I’ve bolded the part that is usually translated as “meal of malt.” There is an Old Norse word for malt – shockingly, it’s “malt,” – and yet it appears nowhere in this text. In fact, “mælis” primarily means “measure, and the compound “mælis-öl” specifically means “a measure of ale, approximately six and a half gallons” according to Cleasby/Vigfusson.

Well look at that. 6.5 gallons would be about enough to fuel a good party, or a family for a week. And we have direct archaeological evidence of wooden buckets of at least that capacity. The examples are decorated with metal – expensive in the Viking age – so it seems reasonable to believe that they may be reserved for special occasion use.

The figure on the “Buddha bucket” might be connected to a Celtic harvest deity – indicating a possible sacramental intent. A sacramental vessel that is large enough to fit descriptions of containers from the era? It’s plausible.

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From all of this, the most reasonable conclusion I can draw is that the “skapker” was probably the primary fermentation vessel used in the production of ale/mead, or whatever the sacramental beverage was. It is also likely that said “skapker” was a specific vessel made of wood, whose capacity was at least 5 – 6 gallons, and was likely decorated with metal or figures to denote its sacramental status.

The “ever-flowing mead” imagery makes me think that they likely kept using the same vessel over and over, dumping onto the dregs of what was left. Even if there were no dregs, wood is absorbent and will harbor yeast – so by re-using the same wooden vessel for years, you create a vessel with a house strain of yeast that will ferment whatever goes into it.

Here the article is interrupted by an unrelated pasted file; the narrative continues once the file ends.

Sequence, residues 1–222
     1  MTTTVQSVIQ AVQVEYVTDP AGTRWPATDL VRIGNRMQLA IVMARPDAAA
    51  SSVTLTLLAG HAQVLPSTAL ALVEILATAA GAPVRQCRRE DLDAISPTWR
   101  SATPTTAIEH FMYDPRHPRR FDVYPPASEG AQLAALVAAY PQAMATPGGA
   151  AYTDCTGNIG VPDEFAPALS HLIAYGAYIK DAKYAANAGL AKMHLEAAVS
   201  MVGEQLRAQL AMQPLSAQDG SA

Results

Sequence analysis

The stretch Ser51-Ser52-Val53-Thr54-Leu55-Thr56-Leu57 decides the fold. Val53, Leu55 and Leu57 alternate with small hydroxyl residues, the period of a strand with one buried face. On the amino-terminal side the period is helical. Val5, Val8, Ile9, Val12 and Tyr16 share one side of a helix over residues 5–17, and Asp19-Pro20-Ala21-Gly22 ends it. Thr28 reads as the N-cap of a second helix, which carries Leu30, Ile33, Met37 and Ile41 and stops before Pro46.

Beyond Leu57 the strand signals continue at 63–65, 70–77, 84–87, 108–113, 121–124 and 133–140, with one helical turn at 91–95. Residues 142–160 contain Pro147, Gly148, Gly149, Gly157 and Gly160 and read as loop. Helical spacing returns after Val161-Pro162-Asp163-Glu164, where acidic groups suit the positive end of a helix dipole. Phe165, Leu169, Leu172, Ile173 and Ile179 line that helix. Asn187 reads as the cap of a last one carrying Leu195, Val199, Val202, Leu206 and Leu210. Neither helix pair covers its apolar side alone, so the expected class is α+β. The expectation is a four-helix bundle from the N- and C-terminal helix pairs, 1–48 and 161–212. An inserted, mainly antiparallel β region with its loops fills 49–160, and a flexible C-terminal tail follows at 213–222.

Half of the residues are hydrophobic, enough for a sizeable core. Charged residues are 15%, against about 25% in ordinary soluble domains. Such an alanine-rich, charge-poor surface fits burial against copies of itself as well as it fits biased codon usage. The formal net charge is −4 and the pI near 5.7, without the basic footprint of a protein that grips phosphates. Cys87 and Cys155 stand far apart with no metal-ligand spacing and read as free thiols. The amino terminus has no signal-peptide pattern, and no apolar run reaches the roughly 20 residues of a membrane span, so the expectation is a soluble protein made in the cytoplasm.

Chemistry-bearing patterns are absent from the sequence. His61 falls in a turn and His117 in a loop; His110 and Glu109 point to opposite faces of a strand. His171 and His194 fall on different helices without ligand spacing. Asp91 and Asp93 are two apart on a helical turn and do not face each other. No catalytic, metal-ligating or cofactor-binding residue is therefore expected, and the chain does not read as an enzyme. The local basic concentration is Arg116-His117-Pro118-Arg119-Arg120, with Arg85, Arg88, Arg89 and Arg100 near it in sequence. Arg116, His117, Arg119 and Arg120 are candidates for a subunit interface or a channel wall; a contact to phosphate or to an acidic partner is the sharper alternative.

A dedicated “working vat,” made of wood, re-used for generations. Ale is ladeled directly from it through a mead strainer, into horns, and served to guests.

Hey, it sounds better than a “sheep vat,” right?

Brewing with Egil: Now For Some Actual Brewing

I’ve destroyed vast swaths of whitespace and needlessly abused countless thousands of words in my endeavors to describe and explain Viking-age brewing.

I’m a scientist. Screw this “word” stuff. Let’s make something.

Bappir, anyone?

Pictured are the fruits of my labor so far – my interpretation of Viking-era “malt,” based on the research that I’ve done to-date. Let’s talk about how I got here.

As I’ve previously explained, I’ve drawn connections between the method for the processing of “polenta” described by Pliny the Elder, the method for producing “zythos” or “zythorum” described by Zosimos of Panopolis, and the analyses of actual bread finds from pre-1000 CE Scandinavia. I’ve also drawn inspiration from a recipe for “Ethiopian beer” documented by Olaus Magnus in 1555, which bears a striking resemblance to all of the other processing methods I’ve documented – and to the method presumably described in “A Hymn to Ninkasi.”

So, my method has borrowed from each source, in an attempt to extrapolate a speculative processing method.

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Part I: The Grain Bill

First, this is how Pliny describes the ingredients of “polenta:”

But whatever the mode of preparation adopted, the proportions are always twenty pounds of barley to three (pounds) of linseed,4 half a pound of coriander, and fifteen drachmæ5* of salt: the ingredients are first parched, and then ground in the mill.

In Latin: “quocumque autem genere praeparato [vicenis hordei libris] [ternas seminis lini] et [coriandri selibram] [salisque acetabulum], torrentes omnia ante, miscent in mola

Note that the “drachmae” in the recipe is an interpretation of the original Latin “acetabulum;” according to Wikipedia, the “acetabulum” is a liquid or dry unit of measure with a capacity of 68 mL (1/8 sextarius). 1 tablespoon of salt (15 ml) is roughly 20 grams, which means we’re talking about roughly 90 grams of salt.